Dell’s long, hot summer of discontent



Dell has been suffering from a turbulent summer. Not only did the company post a staggering 51 percent fall in Q2 net income and embark on a massive recall of laptop batteries, but to top it all off it’s been leaking executives to Lenovo.


Things started looking shaky for the company back in August when it reported the heavy fall in net income. Dell had previously warned that its Q2 would be affected by aggressive pricing in a slowing global commercial market.


At the same time, the Texas-based firm was subject to an informal investigation conducted by the US Securities and Exchange Commission related to revenue recognition and other accounting and financial reporting matters.


Making things worse for the company, rival Hewlett-Packard (HP) posted a 51 percent rise in Q2 net profit and then proceeded to announce gains in worldwide market share from its competitors, including Dell.


The firm’s summer then reached even lower depths as it was forced to recall 4.1 million Sony-made laptop batteries due to fire risks, in what the US Consumer Product Safety Commission called the "biggest ever recall" of electrical goods.


The company recalled batteries sold with Dell Latitude, Inspiron, XPS and Precision Mobile Workstation notebooks, despatched between 1 April 2004 and 18 July 2006.


Dell, HP, Lenovo and Apple all belong to the OEM Critical Components Committees of the IPC-Association


Connecting Electronics Industries. Ironically, two months before Dell made the recall it initiated plans to hold a technical summit – the intention being to establish manufacturing standards for lithium-ion batteries for handheld and portable devices.


It also committed itself to replacing the affected batteries free of charge.


The company’s run of bad luck has additionally been compounded by the number of Dell executives jumping ship to rival PC maker Lenovo.


The exodus, which now stands at half a dozen, began in December last year with the company’s CEO William Amelio enticed to the Chinese PC giant. Ever since, colleagues, mostly from Dell’s Asia division, have gradually started to follow his lead.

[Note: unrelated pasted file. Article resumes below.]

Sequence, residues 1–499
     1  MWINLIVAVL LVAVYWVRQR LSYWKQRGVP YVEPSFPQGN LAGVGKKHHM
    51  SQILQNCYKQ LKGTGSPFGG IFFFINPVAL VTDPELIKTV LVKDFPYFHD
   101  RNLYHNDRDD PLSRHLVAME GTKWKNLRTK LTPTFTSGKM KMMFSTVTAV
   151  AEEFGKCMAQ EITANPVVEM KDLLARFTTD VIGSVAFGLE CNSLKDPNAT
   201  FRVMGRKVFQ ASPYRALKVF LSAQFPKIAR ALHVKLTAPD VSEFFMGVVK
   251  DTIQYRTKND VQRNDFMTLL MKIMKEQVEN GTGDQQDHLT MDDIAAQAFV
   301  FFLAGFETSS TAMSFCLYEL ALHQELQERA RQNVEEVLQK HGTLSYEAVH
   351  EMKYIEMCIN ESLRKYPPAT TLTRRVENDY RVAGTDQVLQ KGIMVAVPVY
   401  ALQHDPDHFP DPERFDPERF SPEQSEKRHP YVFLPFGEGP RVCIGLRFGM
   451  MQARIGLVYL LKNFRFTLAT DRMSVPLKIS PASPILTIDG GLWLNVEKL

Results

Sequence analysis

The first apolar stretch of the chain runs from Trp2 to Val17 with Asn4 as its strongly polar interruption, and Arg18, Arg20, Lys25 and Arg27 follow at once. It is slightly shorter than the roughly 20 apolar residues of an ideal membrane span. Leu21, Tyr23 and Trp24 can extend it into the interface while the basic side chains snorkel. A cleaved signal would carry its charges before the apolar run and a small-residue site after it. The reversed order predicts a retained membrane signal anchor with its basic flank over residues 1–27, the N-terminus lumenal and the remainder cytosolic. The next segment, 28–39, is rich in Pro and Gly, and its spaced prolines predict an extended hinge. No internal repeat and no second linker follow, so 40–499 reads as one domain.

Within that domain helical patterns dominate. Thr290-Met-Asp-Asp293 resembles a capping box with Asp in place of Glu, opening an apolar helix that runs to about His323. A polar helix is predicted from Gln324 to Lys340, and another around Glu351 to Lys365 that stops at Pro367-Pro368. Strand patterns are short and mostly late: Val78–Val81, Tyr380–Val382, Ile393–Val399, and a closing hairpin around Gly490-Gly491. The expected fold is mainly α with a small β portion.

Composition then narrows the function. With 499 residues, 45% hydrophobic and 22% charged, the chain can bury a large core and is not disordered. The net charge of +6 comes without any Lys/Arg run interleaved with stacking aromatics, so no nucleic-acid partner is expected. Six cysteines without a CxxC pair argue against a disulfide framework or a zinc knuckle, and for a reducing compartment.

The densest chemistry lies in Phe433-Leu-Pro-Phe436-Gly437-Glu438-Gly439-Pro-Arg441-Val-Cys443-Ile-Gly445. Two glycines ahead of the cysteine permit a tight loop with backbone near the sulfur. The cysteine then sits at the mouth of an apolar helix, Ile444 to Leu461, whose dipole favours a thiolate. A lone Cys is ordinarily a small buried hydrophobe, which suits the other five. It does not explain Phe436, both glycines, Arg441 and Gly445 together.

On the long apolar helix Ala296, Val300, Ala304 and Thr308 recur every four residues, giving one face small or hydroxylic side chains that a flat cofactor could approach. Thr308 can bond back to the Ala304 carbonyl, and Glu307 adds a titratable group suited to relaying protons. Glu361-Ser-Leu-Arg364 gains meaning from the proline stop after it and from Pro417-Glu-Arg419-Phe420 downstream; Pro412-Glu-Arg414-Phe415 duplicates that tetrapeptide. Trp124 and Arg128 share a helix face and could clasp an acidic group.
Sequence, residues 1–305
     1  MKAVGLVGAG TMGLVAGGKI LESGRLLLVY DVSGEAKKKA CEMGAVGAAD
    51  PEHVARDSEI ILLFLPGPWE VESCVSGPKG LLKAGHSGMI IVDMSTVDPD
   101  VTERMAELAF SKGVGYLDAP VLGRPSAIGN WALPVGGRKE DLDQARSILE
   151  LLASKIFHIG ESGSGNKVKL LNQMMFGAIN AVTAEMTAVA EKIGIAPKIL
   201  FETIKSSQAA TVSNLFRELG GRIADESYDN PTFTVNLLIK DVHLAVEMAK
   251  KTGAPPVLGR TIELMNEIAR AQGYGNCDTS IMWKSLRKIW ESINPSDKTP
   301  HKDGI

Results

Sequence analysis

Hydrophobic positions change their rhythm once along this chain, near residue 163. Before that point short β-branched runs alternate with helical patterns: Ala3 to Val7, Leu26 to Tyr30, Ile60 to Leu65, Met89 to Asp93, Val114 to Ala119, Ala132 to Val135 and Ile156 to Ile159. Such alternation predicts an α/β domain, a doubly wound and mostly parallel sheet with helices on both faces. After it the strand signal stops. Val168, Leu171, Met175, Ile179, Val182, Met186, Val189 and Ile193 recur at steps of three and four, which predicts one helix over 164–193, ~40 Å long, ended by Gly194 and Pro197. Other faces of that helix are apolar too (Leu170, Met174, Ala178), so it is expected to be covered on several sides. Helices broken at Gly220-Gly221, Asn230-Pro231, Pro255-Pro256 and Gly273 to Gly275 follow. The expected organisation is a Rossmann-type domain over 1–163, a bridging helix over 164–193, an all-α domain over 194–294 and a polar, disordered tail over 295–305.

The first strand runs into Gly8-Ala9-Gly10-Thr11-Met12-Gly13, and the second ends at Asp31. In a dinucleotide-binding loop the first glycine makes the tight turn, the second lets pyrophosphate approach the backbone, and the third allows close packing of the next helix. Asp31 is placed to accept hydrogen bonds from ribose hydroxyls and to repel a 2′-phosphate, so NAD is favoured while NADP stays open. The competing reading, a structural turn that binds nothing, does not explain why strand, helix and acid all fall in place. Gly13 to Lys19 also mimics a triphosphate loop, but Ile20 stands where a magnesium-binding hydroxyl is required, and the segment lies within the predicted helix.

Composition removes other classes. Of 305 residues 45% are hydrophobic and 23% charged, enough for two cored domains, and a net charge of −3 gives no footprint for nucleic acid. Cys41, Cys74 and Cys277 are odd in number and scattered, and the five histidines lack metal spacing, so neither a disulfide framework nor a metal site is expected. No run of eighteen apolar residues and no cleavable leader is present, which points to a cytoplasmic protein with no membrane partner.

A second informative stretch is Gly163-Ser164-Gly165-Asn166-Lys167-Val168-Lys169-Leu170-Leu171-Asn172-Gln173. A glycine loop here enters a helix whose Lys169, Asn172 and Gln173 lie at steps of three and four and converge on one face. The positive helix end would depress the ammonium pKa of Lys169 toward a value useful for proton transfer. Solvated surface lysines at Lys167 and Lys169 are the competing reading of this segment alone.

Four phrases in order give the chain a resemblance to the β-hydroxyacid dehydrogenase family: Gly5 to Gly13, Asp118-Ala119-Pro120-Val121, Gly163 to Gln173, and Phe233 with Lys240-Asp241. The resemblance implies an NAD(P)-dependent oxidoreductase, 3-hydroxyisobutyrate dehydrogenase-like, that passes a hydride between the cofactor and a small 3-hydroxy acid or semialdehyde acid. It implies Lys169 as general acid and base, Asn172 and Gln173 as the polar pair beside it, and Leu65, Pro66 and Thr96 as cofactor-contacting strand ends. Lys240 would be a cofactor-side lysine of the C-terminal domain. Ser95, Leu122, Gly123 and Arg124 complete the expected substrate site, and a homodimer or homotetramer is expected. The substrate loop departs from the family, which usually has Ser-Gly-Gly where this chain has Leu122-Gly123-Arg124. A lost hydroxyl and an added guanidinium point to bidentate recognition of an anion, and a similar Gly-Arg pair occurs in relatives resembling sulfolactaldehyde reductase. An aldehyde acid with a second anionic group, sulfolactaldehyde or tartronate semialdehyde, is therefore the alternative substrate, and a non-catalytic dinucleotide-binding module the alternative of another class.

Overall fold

Former China president of Dell, David Miller, joined Lenovo as SVP and Asia Pacific president back in August. He was joined by his former colleague Sotaro Amano, who had been serving as Dell’s corporate director of Japan home and business sales. He was soon appointed president of Lenovo Japan.


When Lenovo announced its plans to streamline its customer service operations through the creation of the Singapore-based Lenovo Services business unit, more Dell executives decided to quit and fly to the rival’s nest.


Lenovo’s Singapore-based Centre of Excellence is now headed up by former VP of marketing at Dell, David Schmook.


Christopher Askew, former Dell VP for Asia Pacific and Japan, was then named VP responsible for Lenovo Services.


Lenovo has been effectively strengthening its team while undermining Dell’s position in the region in the hope of gaining market share.


Recent indications have also pointed to a potential price war between the two rival companies. Chairman Yang Yuanqing was reported as saying the company is "not afraid of pricing competition". Which is a good thing because Dell has been lowering its prices in preparation for such a battle.


Fresh hope for Dell comes from its plans to expand into India, doubling its workforce in the country to 20,000 over the next three years.


Dell has said it will invest $30 million over five years in setting up manufacturing operations in the region during the first half of 2007. The company will open a factory in Sriperumbudur, near Chennai in southern India.


The company’s founder Michael Dell said the firm will also expand its number of call centre staff and other business support roles and build a fourth customer contact centre in Gurgagon.


Rajan Anandan, Dell India’s VP and general manager commenting on the new Chennai factory, said in a statement: "We will start with a production capacity of 400,000 units and quickly ramp up to much higher numbers."


The investment, Dell hopes, will help the company win share on the booming subcontinent by cutting delivery time.


"Local manufacturing will enable us to have the same supply and delivery chains as we have in many other markets," said Paul-Henri Ferrand, Dell’s VP for its South Asia division.


Undoubtedly owner Michael Dell and his chief executive and president Kevin Rollins can pull themselves out of this troublesome period. But with more of the same expected in the upcoming quarter, it will be a while at least before the pair can look back on this summer with anything but a wince. Christmas can’t come soon enough for Dell.